After 114 years, Seattle-based Nordstrom finally made it 143 miles due north to open a store in Vancouver, British Columbia on September 18.And what a store it is. As someone who has visited many Nordstrom stores in the U.S., I can say that none can match the 230,000-square foot store in Vancouver’s Pacific Centre on the corner of Robson and Howe in the heart of the downtown shopping hub.
Vancouver, which is Nordstrom’s third full-line unit in Canada, is considerably larger than Calgary (140,000 square feet, opened September 2014) and Ottawa (158,000 square feet, opened in March 2015).
Two more stores will open in 2016, both in Toronto. A 213,000-square foot unit in the Eaton Centre downtown, and an 188,000 square-foot store in Yorkdale Shopping Centre.
According to Retail Insider, Pacific Centre is Canada’s highest revenue-generating mall, averaging $1,498 (Canadian) per square foot. Eaton’s and Sears were the two previous tenants in the 42-year old building that Vancouverites had dubbed “the urinal” because of its windowless white stone tile paneling façade that was designed by famed American architect Cesar Pelli. Nordstrom, on the other hand, has dramatically enhanced the statement of the building with long vertical glass windows on every floor that help bring the exterior inside.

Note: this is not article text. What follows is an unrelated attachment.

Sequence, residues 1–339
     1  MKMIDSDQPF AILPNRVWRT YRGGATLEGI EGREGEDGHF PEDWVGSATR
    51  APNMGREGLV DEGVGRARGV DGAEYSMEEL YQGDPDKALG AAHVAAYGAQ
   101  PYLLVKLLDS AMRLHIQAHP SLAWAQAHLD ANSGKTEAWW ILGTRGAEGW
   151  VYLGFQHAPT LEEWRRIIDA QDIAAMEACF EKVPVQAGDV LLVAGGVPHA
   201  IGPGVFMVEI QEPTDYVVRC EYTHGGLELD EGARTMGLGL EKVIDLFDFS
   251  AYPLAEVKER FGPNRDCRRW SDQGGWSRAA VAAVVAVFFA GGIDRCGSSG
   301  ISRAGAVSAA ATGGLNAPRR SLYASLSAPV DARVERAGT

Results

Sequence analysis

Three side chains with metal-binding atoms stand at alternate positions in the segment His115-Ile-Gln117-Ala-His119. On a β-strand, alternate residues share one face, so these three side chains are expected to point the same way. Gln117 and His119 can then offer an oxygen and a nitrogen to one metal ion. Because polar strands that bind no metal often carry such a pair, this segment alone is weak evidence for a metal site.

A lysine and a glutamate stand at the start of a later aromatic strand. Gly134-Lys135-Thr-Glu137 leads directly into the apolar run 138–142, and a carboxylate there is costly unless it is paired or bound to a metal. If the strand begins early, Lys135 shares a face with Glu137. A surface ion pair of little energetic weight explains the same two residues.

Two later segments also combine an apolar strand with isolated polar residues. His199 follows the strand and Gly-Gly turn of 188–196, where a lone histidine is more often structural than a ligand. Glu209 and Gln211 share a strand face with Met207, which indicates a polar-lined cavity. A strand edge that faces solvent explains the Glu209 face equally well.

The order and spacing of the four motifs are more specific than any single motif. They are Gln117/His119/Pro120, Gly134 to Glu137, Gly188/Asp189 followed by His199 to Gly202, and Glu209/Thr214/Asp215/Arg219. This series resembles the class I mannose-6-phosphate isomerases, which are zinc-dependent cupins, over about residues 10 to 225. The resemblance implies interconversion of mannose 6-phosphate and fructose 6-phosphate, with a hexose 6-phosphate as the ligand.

Jamie Nordstrom, president of stores, told me that Vancouver represents the company’s biggest commitment to designer offerings, on both the first and second floors. A partial list of vendors includes Christian Louboutin, Balenciaga, Saint Laurent Paris, Stella McCartney, Céline, Chloé, Lanvin, Burberry and Delvaux (which is exclusive to Nordstrom in Canada).
Nordstrom’s overall merchandise presentation is a statement to Canadian shoppers that they would not bring “Nordstrom Lite” north of the border—unlike Target, which was accused of offering “Target Lite”, and eventually closed dozens of stores that they had opened virtually simultaneously. Nordstrom is taking its usual methodical, one-foot-in-front-of-the-other approach. “With every store we open in Canada, we learn new lessons,” said Karen McKibbin, president of Nordstrom Canada.